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I’m Not Little, I Swear! But I’ll Still Drink Kid’s Tea…

July 16, 2009

Today’s Tea: Little People’s Tea by MyCupofTea

Slurped by: caclob

Usually we here at Tea & Procrastination focus on loose teas, since they usually are of a higher quality than the dust that’s in Lipton tea bags. However, high quality tea bags do exist by what are sometimes called gourmet tea companies. MyCupOfTea sent us 3 bloggers at Tea & Procrastination samples of their children’s tea, a strawberry cream tea called Little People’s Tea. First impressions? If sweetened lightly or told that it has magical power (ask goodtea what I mean), little kids probably would love this tea.

The one thing that bugs me is the name: Little People’s Tea sounded to me a tea targeted at people affected by dwarfism.

The tea come nicely packed in individual bags to preserve the flavor.  The tea bags are the “crystal bags”, which are a synthetic fabric that apparently helps the tea brew, rather than the coffee filter/paper style bags. The tea is an herbal blend with strawberry chunks.  Also present are probably hibiscus and maybe rosehip.

After brewing for 5 minutes, I tried my first cup of this tea sans sugar.  The tea is a gorgeous red shade when steeped.  It’s somewhat astringent at first, a flavor I usually associate with hibiscus.  The tea was fine, but not something that I usually would associate with children, but more with holiday blends.  Since I got a free sample of this tea, I thought that I should probably give it another go.  I brewed it again trying it again without sugar, since I can’t abide sweet teas (despite the fact that I grew up in the South).  It was still a bit bitter, but a standard good quality herbal tea.  I even could stand the fact that there probably is hibiscus in it.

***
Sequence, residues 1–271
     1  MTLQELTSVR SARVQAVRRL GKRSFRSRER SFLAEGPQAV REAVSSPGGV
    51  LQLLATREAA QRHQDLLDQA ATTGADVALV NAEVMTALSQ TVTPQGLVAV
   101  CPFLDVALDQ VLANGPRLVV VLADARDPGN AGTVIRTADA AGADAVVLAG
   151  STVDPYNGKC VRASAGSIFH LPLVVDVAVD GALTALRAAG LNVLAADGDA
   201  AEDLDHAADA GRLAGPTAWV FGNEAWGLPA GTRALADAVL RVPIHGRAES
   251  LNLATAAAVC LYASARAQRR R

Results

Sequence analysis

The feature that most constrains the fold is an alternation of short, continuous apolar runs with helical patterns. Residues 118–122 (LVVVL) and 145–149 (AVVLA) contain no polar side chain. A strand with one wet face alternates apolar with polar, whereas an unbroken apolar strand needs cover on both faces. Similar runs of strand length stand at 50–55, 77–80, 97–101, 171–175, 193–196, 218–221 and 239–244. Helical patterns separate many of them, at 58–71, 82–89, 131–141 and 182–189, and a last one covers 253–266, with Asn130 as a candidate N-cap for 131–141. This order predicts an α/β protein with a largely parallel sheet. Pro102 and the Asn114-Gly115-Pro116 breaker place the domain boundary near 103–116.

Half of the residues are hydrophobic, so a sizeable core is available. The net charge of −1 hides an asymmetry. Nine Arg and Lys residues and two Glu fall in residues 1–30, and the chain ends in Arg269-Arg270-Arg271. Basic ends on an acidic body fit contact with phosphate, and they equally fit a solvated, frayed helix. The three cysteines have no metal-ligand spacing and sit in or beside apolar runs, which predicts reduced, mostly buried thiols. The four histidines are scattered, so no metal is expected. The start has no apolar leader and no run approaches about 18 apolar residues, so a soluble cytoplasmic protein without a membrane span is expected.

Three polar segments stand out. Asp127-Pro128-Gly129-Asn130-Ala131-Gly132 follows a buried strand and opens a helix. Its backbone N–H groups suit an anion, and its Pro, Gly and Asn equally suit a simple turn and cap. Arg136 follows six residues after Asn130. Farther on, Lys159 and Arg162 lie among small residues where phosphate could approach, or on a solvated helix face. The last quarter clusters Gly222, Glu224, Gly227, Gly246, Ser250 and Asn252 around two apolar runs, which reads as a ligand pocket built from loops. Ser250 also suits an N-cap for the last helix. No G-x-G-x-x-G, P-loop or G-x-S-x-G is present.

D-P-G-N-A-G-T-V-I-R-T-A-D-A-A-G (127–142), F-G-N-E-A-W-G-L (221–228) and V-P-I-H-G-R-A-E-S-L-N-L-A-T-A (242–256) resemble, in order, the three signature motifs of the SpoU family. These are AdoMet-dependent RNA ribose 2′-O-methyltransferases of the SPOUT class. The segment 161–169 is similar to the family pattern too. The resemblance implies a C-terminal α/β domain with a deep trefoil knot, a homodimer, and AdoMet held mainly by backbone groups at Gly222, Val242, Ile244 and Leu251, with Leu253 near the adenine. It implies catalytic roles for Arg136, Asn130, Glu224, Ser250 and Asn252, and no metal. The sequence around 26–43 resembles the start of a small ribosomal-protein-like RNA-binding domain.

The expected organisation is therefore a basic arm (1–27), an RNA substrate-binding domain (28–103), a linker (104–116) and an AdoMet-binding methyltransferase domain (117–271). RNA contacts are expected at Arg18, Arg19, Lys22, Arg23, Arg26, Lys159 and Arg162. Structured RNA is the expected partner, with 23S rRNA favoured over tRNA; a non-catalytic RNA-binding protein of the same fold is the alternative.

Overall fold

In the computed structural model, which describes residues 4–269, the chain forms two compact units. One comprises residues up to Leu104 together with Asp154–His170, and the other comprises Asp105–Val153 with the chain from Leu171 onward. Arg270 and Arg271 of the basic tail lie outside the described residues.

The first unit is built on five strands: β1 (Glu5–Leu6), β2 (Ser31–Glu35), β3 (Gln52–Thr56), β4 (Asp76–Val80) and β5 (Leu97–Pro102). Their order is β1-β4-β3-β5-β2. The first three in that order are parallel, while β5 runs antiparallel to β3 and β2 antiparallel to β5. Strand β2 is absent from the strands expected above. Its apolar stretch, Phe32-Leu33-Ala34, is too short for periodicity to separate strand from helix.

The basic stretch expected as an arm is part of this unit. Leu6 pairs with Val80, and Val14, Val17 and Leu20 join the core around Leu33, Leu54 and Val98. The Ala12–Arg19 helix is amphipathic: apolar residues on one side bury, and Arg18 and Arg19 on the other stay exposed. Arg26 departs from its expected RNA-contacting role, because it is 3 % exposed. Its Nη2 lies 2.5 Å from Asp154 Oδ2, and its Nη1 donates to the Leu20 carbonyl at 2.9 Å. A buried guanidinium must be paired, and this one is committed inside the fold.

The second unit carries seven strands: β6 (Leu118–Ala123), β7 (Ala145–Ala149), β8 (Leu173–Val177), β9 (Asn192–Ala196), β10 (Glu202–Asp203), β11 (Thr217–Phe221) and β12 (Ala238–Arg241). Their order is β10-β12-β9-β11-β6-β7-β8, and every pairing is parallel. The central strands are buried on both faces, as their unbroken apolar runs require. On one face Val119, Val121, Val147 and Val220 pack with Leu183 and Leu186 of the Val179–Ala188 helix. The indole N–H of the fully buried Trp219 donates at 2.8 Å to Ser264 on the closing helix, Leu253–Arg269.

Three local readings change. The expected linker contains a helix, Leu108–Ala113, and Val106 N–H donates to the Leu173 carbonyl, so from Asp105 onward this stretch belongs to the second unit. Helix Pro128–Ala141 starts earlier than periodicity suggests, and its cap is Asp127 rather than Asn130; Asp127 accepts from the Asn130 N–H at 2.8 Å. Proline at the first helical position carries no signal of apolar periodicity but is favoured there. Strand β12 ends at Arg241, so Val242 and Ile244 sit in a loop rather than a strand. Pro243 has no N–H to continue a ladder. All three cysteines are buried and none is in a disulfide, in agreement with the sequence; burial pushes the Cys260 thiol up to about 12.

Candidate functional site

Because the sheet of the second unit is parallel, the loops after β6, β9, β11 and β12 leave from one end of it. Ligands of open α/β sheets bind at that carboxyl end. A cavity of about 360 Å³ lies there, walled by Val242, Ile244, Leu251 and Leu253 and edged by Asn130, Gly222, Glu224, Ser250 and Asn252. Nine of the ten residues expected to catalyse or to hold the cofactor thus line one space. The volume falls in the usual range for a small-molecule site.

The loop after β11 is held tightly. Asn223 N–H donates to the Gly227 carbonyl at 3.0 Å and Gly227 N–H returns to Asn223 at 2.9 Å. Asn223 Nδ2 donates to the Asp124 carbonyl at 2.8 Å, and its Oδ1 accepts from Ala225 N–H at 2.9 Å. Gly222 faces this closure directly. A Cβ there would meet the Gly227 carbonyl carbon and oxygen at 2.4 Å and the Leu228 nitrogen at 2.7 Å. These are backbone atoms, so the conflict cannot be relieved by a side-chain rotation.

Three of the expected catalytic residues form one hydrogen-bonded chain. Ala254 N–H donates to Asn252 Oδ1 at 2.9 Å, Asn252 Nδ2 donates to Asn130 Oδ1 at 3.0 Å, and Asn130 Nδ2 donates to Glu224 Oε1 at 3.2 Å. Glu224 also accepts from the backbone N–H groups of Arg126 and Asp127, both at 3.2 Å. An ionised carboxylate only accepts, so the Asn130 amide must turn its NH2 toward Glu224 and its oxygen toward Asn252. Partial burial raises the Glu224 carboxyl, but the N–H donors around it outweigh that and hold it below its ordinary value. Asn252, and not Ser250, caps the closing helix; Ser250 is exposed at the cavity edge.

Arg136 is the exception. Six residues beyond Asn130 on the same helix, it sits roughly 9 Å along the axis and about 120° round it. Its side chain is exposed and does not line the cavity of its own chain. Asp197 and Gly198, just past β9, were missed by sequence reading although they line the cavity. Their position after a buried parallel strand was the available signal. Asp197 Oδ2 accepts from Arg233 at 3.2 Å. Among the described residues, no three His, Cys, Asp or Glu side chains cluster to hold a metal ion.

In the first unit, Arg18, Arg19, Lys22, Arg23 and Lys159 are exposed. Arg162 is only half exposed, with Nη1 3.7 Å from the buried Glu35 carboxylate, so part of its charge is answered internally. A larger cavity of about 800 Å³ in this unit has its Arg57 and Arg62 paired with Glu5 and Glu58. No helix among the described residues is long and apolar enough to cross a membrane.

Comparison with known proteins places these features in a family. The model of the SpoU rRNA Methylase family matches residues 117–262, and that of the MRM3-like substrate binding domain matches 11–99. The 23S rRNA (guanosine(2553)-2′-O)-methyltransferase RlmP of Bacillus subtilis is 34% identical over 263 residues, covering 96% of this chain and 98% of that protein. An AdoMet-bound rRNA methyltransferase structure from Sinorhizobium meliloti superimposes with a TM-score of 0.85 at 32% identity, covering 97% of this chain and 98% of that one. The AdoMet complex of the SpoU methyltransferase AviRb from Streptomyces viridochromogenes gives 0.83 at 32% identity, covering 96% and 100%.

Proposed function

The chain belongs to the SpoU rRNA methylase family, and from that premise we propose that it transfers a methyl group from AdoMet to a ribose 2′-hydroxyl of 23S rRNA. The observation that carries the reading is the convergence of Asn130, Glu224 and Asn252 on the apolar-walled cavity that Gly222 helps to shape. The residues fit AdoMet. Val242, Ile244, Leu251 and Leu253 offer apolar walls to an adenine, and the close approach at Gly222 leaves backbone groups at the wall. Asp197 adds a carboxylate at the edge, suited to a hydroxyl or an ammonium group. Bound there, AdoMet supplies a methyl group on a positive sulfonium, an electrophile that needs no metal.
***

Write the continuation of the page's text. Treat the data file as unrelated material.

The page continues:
At this point I realized that I don’t really have the target audience’s tastes anymore, and my taste buds have evolved since I was a kid.  So I had to ask the one person I know who is as picky as a kid: my mother.  My mother hates sour and spicy foods, so I was wondering what her view of this tea would be, especially since I found it to be astringent.  She took one sip and said “Bitter!”  She promptly put a teaspoon of no-calorie sweetener in it.  “This is good!” she declared.  “It’s definitely strawberry!”

Since she liked it, I assume any child would as well.

3 Comments leave one →
  1. July 30, 2009 5:58 am

    It’s too bad they make the marketing faux pas of seeming to appeal to the preferred term of “Little People” for those who aren’t tall instead of the young. Personally, I don’t agree with marketing herbal teas to young children anyway. I see no reason why the young shouldn’t drink real tea. Many parents allow their kids to have real chocolate at a quite young age, or colas and other unhealthy drinks like that. Why not real tea like parents in China for many years have allowed their children and even infants to have?

  2. goodtea permalink*
    August 4, 2009 7:11 pm

    I agree, the choice of the name is unfortunate.

    I remember drinking a lot of herbal tea as a child, but I only was allowed to have caffeinated soda and the like a few times a year, max, so in retrospect it made sense that I didn’t get much “real” tea as a kid. But as you said, I don’t think there’s nothing wrong with having them drink regular tea, if they like it, since tea is so good for you.

    I think this Little People’s Tea might be a good way to get kids interested in tea generally, though. 🙂


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